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Exmoor Beast 2008 report

Rearing its ugly head right at the end of the season, the Exmoor Beast offered a tantalising way for many sportive riders to end their year with what could be classified as one of the toughest sportives yet devised in the UK.

First run in 2007, the Exmoor Beast classes itself as “one of the best and most challenging sportives of the year,” for a big end-of-season challenge. It’s run by a team of experienced and professional event coordinators, so it was no surprise that a slick operation was in evidence when RCUK rocked up on the Saturday to pick up our timing chips and numbers.

Following a staggered start on Sunday morning, with the first competitors departing under dark skies and low sun at 7am, riders were given until 8am to make their way out onto the course, setting of on a route that would eventually go down as one of the mightiest challengesthe RCUK team have experienced.

With two routes, 100km or 100 miles, on offer, riders could bite off as much as they felt they could chew. With the split coming after 50 miles, however, all the riders traced until then the same challenging route,which took in some stupendously scenic parts of Exmoor. There were inspirational views across to Wales, remote back country lanes, the tough ascent of Porlock Hill and even a cobbled ford crossing that pitched some riders off their bikes and left them with wet bums!

While the first 50 miles flew by relatively smoothly, the altitude climbed was clearly taking its toll on riders, with the first feedstation coming shortly after. The sheer selection and quantity of hearty food on offer seemed to make up for its apparent lateness in the route, with most stopping for a well earned rest and to take on some hot soup.

It was at this point that the 100km and 100 mile riders would separate, and going by the accounts of riders who rode each finishing section, the ride was equally as tough, if not more so, on the final leg as the first half. Riders were treated to yet more incredible landscapes, ranging from the bleak to the jaw-dropping, though most riders were concentrating more on the gradient of the plentiful supply of leg-busting climbs, which seemed to differ only slightly from ever-so-steep to long and painful.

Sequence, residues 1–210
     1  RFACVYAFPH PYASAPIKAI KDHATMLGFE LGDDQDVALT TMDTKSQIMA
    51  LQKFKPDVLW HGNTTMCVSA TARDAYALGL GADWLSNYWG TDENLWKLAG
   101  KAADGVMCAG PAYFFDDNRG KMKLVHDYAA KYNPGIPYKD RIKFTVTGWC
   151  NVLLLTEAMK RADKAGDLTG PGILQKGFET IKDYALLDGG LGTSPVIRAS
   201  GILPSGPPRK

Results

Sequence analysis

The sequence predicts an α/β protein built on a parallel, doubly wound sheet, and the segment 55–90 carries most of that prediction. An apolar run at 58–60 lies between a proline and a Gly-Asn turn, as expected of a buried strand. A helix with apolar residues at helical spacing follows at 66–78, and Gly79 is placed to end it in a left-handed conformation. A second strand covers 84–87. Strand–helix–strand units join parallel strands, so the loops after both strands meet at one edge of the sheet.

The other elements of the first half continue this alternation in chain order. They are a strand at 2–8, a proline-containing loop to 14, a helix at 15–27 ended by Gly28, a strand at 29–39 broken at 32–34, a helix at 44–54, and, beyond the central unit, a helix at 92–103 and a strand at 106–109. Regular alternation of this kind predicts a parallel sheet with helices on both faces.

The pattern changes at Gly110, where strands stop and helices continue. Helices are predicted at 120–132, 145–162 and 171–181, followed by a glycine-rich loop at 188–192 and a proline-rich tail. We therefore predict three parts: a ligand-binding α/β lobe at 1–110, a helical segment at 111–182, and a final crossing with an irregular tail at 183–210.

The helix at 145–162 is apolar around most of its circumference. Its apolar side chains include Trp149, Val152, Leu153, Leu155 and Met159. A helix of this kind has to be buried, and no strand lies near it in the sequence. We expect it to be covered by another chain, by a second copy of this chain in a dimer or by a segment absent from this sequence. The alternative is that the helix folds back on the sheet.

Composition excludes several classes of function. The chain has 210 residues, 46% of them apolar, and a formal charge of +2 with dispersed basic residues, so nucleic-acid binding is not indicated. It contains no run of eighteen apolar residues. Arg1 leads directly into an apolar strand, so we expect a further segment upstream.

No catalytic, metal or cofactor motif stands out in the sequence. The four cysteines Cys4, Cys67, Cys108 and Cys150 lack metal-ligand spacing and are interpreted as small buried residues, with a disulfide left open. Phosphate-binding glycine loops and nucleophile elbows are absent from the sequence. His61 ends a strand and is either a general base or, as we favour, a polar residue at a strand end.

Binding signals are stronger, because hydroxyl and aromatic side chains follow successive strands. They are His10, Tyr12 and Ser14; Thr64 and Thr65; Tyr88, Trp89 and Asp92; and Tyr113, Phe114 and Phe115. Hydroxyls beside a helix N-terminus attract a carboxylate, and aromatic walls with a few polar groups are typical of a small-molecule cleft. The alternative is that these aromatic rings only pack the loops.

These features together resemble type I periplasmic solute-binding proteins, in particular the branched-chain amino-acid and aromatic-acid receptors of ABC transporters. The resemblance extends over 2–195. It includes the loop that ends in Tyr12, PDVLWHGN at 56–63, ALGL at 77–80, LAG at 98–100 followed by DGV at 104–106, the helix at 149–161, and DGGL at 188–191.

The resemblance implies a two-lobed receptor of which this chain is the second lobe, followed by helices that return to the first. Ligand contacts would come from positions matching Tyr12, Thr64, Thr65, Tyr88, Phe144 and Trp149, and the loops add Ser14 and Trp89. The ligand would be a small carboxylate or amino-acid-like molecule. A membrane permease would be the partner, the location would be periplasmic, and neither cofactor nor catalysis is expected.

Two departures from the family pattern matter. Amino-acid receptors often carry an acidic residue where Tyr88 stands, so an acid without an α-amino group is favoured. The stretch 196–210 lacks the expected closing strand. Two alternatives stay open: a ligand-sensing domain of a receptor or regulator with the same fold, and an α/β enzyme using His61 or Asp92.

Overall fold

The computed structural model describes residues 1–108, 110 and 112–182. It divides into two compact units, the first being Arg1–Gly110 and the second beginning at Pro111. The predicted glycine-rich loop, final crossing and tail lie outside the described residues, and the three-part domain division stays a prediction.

The two RCUK riders who braved the 100 mile ride experienced a tortured time and ran the entire gamut from easy pedalling to grovelling up climbs having coughed both lungs right up. The route, with its well-surfaced roads and combination of undulations and long descents, encouraged those seeking a fast time to push ever harder, and the lack of frequent and strategically placed feed stops, usually natural breaks in the rhythm of a sportive, meant the ride exacted a huge toll on the riders.

The Exmoor Beast was about as tough as they come in the UK, though one rider with local knowledge reckoned it steered clear of even more strenuous climbs, so God alone knows how much tougher the route could get. The organisers tell us there will be changes to the route and start/finish HQ for next year, and the location and frequency of the feed stops is going to be investigated, which should remove the tiny niggles the RCUK team felt after over 7hrs of riding. If you’ve not considered the Exmoor Beast before but fancy the challenge of a late-season sportive that is guaranteed to test your fitness to the limits, then sign up for the Beast next year. You’ll not be disappointed.

For those interested in the route and how long it took me, you can view the downloaded data from the Garmin Edge 705.

“The Exmoor Beast has now established itself as one of the toughest and best organized events in the calendar,” says organiser Marcus Di-Vincenzo. “We have to change the venue to Butlins in Minehead and redistribute the feeding stations and it will then be the best in the calendar. With the right venue and the right route next year, we will make it to 2000 riders with great stories to tell.”

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